Longleaf Avoided Emissions

The defeat of the proposed coal plant, Longleaf Energy Station, prevented the emission of millions of tons of toxic air pollutants into the air in Georgia. The table below provides the maximum allowable pollution that this proposed dirty coal plant would have been allowed to put into the air, had the plant ever been built.

 

Pollutant Annual Emissions Lifetime Emissions (50 years)
Carbon Dioxide (CO2)  9.7 million tons 485 million tons
Nitrogen Oxide  2,689 tons 134,450 tons
Sulfur Dioxide  5,647 tons 282,350 tons
Particulate Matter (PM) 10  1,855 tons 92,750 tons
PM 2.5  1361tons 68,050 tons
Mercury  88 pounds 4,400 pounds
Volatile organic compounds  194 tons 9,700 tons
Carbon monoxide  5,378 tons 268,900 tons
Lead 1,936 pounds 96,800 pounds

Carbon Dioxide (CO2): contributes to climate change.  Longleaf's emissions would have been the equivalent of placing 1.5 million cars driving 12,000 miles annually for 50 year.

Nitrogen Oxide (NOx): leads to formation of ozone (smog) which inflames the lungs, burning through lung tissue making people more susceptible to respiratory illness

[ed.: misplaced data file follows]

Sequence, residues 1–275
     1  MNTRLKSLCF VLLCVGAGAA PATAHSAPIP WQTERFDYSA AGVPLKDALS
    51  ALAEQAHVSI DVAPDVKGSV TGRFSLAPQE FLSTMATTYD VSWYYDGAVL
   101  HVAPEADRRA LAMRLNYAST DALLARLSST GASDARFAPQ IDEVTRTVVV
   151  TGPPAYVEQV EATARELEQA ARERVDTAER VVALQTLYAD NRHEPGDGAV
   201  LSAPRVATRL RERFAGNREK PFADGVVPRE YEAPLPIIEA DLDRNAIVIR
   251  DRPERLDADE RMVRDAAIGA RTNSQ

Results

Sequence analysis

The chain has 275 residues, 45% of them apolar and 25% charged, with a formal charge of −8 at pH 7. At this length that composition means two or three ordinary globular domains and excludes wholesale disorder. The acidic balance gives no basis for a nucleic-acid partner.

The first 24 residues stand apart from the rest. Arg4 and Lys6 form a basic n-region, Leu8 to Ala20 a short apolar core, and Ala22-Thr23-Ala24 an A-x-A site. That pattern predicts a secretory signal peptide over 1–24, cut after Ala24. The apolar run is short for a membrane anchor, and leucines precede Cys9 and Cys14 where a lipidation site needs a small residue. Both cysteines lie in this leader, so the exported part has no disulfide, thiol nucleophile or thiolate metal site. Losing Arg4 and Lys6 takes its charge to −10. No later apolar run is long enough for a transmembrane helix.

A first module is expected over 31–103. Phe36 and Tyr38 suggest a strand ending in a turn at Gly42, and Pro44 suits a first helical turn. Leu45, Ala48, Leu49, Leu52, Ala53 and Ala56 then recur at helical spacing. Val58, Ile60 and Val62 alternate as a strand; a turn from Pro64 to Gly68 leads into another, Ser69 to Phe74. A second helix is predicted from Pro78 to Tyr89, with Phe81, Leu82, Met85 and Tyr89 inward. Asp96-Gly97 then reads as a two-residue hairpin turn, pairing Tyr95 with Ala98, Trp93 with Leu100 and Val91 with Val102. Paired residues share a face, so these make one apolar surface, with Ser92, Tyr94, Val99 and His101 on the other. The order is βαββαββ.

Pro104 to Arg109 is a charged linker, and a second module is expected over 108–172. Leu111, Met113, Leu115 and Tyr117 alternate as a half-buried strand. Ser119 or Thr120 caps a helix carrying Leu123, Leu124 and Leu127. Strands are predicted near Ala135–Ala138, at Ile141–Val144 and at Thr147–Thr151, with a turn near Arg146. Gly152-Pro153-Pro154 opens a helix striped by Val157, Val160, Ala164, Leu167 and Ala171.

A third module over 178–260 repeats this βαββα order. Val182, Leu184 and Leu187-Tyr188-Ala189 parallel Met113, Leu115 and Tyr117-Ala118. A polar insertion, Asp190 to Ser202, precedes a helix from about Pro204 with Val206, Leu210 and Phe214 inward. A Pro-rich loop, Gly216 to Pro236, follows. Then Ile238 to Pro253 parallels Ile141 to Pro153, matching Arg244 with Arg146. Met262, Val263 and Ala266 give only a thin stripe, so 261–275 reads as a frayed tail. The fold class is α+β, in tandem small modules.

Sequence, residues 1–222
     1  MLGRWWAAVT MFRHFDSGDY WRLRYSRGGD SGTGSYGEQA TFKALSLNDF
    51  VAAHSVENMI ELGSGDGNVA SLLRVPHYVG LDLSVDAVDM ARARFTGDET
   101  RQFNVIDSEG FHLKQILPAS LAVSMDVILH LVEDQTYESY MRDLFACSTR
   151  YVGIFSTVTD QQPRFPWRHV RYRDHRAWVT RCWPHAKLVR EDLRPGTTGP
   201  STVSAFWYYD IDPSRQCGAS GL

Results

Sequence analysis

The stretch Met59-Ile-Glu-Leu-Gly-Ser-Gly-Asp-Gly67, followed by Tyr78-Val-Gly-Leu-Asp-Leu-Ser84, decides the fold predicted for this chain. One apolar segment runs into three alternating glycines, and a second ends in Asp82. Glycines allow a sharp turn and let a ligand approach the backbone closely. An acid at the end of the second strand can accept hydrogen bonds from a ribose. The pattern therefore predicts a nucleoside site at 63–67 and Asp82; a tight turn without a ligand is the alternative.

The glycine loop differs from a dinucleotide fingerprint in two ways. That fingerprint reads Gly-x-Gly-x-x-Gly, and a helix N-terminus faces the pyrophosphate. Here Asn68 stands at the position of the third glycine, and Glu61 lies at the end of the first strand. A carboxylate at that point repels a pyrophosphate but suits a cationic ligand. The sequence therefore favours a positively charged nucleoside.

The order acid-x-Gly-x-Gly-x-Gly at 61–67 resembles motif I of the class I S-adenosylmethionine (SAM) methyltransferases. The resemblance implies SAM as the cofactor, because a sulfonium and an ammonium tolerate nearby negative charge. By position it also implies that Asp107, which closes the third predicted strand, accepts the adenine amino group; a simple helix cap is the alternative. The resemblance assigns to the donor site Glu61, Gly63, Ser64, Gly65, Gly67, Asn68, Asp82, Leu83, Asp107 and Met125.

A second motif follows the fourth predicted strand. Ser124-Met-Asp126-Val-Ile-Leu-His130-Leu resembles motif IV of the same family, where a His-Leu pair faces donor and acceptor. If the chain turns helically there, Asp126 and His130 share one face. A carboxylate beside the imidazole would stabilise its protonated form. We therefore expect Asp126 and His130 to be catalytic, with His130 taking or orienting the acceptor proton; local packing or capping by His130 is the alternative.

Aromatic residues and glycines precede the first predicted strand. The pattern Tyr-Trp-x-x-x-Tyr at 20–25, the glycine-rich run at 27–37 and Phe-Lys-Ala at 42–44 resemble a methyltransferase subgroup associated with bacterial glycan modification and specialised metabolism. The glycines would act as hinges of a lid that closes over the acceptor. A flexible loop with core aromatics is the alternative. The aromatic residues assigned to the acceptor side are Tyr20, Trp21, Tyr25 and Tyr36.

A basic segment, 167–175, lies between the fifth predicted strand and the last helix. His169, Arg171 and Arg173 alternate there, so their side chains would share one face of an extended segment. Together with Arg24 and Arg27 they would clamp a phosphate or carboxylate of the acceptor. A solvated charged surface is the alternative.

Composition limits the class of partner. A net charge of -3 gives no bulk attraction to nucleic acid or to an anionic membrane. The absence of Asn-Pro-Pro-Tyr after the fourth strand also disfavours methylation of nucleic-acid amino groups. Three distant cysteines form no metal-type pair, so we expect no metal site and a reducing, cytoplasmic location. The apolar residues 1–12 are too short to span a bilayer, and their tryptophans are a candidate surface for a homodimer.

Sulfur Dioxide (SO2): causes acid rain that damages forests, lakes, and buildings, and forms small airborne particles that can penetrate deep into lungs

Particulate Matter:  small airborne particles, which can cause chronic bronchitis, aggravated asthma, and premature death, as well as haze obstructing visibility

Mercury:  a powerful neurotoxin that interferes with the brain and nervous system and can impair development in children

VOCs: precursor to smog which inflames the lungs, burning through lung tissue making people more susceptible to respiratory illness

Carbon Monoxide (CO):  causes headaches and place additional stress on people with heart disease

Carbon Dioxide: primary contributor to climate change

Lead: can adversely affect the nervous system, kidney function, immune system, reproductive and developmental systems and the cardiovascular system